Counter-coffers are becoming widespread in today’s climate, with employers using them as a temporary measure to attempt to retain talent. Interestingly, the Financial Times report this as an ongoing concern with, “40 percent of employers [having] made a counter-offer to try and keep an employee who has received a job elsewhere”(Financial Times: UK employers increasingly resort to bidding wars to retain staff, says survey). In further research, the CIPD state in their Market Labour Outlook report that, “51 per cent of those already using counter-offers as part of their retention strategy say they have increased over the past year” (CIPD: Labour market outlook views from employers). Research shows that counter-offers are most prevalent in London, with 58% of employers based in the capital making counter-offers in the past 12 months.
However, there are mixed views on the effectiveness of counter-offers, with 29% of UK employers believing the tactic is ineffective and potentially a short-term option that businesses use to prevent spending money on rehiring(CIPD: Labour market outlook views from employers).
With this in mind, it’s important for professionals to be aware of the driving factors behind counter-offers to help them make an informed decision that’s right for their career, goals and lifestyle. IDEX Consulting have produced some key information and guidance to help professionals review their options if they are faced with a counter-offer from a current employer – download our guidance here.
We also advise professionals to consider the following:
Evaluate your reasons for resigning
If a clear motive is the need for a higher salary, it’s important to review why this wasn’t addressed earlier. High performing organisations not only ‘say’ they value employees, they demonstrate this with regular pay reviews, support and development opportunities. One question to ask, “[is] your employer trying to avoid spending time and money on finding a replacement by making a counter-offer or is it indeed a genuine reflection of your perceived value within the organisation?”(Indeed Career Guide: How to handle a counter-offer).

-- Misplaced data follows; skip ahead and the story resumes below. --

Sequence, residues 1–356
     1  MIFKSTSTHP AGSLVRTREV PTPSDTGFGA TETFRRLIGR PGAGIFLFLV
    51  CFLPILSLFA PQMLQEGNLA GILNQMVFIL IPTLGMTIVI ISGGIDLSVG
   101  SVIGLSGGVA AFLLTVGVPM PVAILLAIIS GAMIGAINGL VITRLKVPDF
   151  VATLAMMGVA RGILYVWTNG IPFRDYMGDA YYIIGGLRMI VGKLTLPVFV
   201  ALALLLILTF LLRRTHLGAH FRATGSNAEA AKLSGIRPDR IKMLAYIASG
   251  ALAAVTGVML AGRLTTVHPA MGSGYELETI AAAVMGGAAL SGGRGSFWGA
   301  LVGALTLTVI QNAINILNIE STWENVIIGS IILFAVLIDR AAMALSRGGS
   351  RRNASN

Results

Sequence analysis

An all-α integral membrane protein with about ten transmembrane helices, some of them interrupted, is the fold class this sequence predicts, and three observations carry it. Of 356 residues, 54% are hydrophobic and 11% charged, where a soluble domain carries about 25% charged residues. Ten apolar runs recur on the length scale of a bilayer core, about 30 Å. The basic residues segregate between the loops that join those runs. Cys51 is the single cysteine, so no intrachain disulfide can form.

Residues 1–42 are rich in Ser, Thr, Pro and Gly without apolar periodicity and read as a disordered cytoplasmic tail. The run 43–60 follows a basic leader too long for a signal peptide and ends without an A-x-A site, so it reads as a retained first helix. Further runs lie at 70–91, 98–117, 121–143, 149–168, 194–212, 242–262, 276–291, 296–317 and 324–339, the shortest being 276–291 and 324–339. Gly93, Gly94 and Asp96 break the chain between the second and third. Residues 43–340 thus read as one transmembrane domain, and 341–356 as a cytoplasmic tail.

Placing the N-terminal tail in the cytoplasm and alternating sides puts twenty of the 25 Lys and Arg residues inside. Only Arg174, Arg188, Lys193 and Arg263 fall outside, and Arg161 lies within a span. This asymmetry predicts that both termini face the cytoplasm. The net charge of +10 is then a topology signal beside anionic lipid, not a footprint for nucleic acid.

While the above may be sobering to consider, the statistics agree;80% of those who accept counter-offers leave their current employer within six months, and nine out of ten leave within a year. Considering where that extra pay is sourced is also useful. Is it simply an advance on an upcoming pay review? If your reason for job dissatisfaction is something other than pay, or at the very least something alongside pay, sticking with that initial change might be the best option.
Consider the impact of accepting a counter-offer
“69% of employers believe that accepting [a counter-offer] negatively impacts long-term job satisfaction” with “78% believing candidates turn into passive jobseekers post-counteroffer, and 69% perceiving decreased work commitment” (Gitnux Market Data: accepting a counter-offer statistics and trends 2023). Evidence shows that professionals who accept a counter-offer, remain disengaged with their current employer because their initial reasons for leaving were never addressed.
Compare the offer
Take the time to compare your options and look beyond the salary. Consider career development opportunities to understand which organisation might be more committed to your personal growth. What training pathways do they offer? Company culture also needs to be a good fit; ensure there is a close alignment between your personal values and that of your employers.
Seek advice from professionals
With a wealth of experience, recruitment consultants can offer informed, impartial advice. Counter-offers are a common occurrence, your consultant will have certainly guided many through the process before you. They are there to support you throughout your career journey, if you have concerns or worries ask their advice.
Take your time
Counter-offers can feel like a pleasant bonus or a conflicting challenge. Make sure you take the time to properly assess your options and different employment contracts. Don’t be pressured into deciding quickly. We recommend asking for at least a day or two before making your decision.
For more information on how to navigate counter-offers and / or for impartial career advice, contact one of our expert consultants.